Race-Based Hate Crimes -- How Many, and Against Whom?

05/25/2011 12:10 pm ET

Some recent talk about hate crimes reminded me of some data I looked at a while ago, but never got around to blogging. I thought, then, that I'd bring it up now, especially since my sense is that it hasn't gotten much coverage elsewhere.

Let's begin by briefly discussing The Nation's two crime measures, the UCR and the NCVS. The UCR (Uniform Crime Reports) reports on crimes that are reported to, and then reported by, the police. The NCVS reports on what is said by people surveyed through the National Crime Victimization Survey; it includes crimes that aren't reported to the police, and aspects of crimes that aren't reported to or by the police.

Each has possible flaws: The UCR doesn't cover unreported crimes, and in some ways reflects police classification decisions more than anything else. The NCVS is more prone to error as a result of respondent mistakes or falsifications, since no-one investigates the respondents' claims. To give you a sense of the difference between the two, note that the UCR Hate Crime Statistics 2005 reports 7163 hate crime incidents in 2005; the NCVS Hate Crime Reported by Victims and Police (2000-2003 data) estimates "[a]n annual average of 210,000 hate crime victimization incidents." Figure out for yourself which you think is most plausible; my sense is that the NCVS tends to be more reliable (except as to homicide, which the UCR measures pretty well, and which the NCVS for obvious reasons doesn't measure at all).

In any case, what does the UCR tell us about 2005 race-based hate crime incidents? Of the 3919 such incidents, 21% were anti-white and 67% were anti-black. Keep in mind that 75% of the population is white and 12% is black (numbers subject to change slightly depending on how one allots the "other" category and multiracial categories; Hispanics are not classified as a separate race). The UCR data suggests that the victimization rate for race-based hate crimes is 20 times higher for blacks than for whites.

What does the NCVS tell us about 2000-2003 hate crime data? It reports that 56% of all hate crime victims, according to data reported by respondents, were victims of race-based attacks. It unfortunately doesn't break down the race just of those offenders who report race-based incidents, but it reports that the total annual victimization rate for all hate incidents per 1000 people is 0.9 for whites and 0.7 for blacks; 85% of all victims were white, 9% were black.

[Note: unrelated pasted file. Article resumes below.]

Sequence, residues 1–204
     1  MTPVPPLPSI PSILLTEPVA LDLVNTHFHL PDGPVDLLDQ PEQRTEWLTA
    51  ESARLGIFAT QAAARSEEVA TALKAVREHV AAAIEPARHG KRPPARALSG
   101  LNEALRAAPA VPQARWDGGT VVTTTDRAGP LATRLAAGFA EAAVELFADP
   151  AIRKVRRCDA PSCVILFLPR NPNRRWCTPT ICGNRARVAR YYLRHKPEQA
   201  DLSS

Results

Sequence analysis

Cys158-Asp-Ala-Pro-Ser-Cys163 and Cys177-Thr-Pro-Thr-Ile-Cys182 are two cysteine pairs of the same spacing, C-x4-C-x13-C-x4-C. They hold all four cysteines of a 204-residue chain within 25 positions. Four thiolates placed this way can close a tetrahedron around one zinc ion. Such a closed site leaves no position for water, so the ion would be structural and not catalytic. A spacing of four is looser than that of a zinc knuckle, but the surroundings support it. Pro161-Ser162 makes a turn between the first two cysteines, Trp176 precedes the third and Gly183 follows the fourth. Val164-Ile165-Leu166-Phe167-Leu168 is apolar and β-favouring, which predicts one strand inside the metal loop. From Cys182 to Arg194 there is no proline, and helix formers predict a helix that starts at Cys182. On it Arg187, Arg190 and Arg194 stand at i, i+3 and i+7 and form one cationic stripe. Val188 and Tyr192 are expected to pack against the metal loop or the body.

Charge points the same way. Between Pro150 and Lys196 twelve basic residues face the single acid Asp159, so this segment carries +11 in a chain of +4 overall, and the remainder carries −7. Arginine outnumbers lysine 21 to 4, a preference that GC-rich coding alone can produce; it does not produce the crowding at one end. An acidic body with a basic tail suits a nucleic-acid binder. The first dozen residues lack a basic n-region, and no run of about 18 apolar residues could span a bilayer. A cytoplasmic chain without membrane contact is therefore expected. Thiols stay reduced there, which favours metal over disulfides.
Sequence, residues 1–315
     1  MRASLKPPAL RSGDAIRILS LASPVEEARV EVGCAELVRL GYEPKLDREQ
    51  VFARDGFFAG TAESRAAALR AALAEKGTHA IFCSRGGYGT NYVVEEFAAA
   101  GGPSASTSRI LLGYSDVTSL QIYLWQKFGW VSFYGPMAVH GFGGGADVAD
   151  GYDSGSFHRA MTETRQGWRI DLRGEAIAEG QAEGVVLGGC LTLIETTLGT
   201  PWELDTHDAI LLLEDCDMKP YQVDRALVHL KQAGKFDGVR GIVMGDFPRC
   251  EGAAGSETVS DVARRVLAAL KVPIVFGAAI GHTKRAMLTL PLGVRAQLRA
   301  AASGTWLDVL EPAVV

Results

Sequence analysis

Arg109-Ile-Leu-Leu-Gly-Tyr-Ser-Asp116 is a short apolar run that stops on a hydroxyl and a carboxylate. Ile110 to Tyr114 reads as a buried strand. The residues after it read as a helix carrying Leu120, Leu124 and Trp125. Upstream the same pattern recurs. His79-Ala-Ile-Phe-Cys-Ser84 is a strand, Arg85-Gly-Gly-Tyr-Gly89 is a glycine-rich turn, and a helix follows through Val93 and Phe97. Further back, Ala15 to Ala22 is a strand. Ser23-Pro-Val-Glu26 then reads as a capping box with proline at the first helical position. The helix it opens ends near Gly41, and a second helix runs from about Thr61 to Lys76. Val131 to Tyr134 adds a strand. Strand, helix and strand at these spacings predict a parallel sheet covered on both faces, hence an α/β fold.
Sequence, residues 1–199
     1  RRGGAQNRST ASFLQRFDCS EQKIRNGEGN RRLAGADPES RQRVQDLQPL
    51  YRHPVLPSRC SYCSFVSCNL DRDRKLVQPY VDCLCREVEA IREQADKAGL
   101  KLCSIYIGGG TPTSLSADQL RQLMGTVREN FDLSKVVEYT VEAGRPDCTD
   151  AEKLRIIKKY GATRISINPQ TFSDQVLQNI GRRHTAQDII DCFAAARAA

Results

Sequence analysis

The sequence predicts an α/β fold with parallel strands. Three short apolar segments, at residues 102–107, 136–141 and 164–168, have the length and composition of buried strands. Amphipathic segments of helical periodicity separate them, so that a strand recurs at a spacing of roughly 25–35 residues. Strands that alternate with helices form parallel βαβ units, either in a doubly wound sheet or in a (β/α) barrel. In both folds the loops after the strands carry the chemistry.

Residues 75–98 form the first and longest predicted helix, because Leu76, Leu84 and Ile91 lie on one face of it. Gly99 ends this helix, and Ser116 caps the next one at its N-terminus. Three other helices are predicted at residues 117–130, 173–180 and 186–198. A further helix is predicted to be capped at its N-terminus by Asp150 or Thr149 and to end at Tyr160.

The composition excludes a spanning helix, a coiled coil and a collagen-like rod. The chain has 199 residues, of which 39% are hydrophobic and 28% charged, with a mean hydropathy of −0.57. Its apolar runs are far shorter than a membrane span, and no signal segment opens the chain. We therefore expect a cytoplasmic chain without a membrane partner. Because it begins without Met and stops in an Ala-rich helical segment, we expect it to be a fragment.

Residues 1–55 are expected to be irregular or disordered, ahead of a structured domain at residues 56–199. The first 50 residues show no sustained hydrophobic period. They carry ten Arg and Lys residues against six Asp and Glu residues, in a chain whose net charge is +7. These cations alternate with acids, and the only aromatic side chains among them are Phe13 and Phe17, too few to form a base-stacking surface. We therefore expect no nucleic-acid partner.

Thus, assume all the non-race-based attacks were against whites, and all the attacks against blacks were race-based — just to take the scenario that would produce the highest ratio of black/white victimization by race-based hate-crimes. Then, out of 1000 incidents in which there were 850 white victims and 90 black victims, 410 (850 minus the 440 non-race-based) would be race-based attacks on whites, and 90 would be race-based attacks on blacks. This means the maximum victimization rate ratio for race-based hate crimes would that the rate is a bit under 1.4 times higher for blacks than for whites.

I also asked Joe Doherty at the UCLA law school's Empirical Research Group to analyze the NCVS raw data for race-based incidents only, for 1992-2003. The results — which let us avoid having to make any assumptions about how the non-race-based incidents shake out by victim race — were that whites accounted for 64% of the victimizations, blacks for 11%, and Hispanics for 15.5%. Joe's analysis broke Hispanics out into a separate category, but setting them aside means that the victimization rate for race-based hate crimes would be about the same for blacks as for whites.

Which is the right ratio? For that matter, which is the right estimate of total hate crime incidents — 7000 (UCR), 7000 times 7 (to roughly for agencies that didn't submit any incident reports), or 210,000 (NCVS)? You be the judge. My tendency is to assume that the NCVS is generally sounder here as it is elsewhere, though there's no doubt that there are threats to validity in the NCVS as well as the UCR. But even if this is uncertain, just keep in mind the dangers of relying exclusively on UCR-based accounts.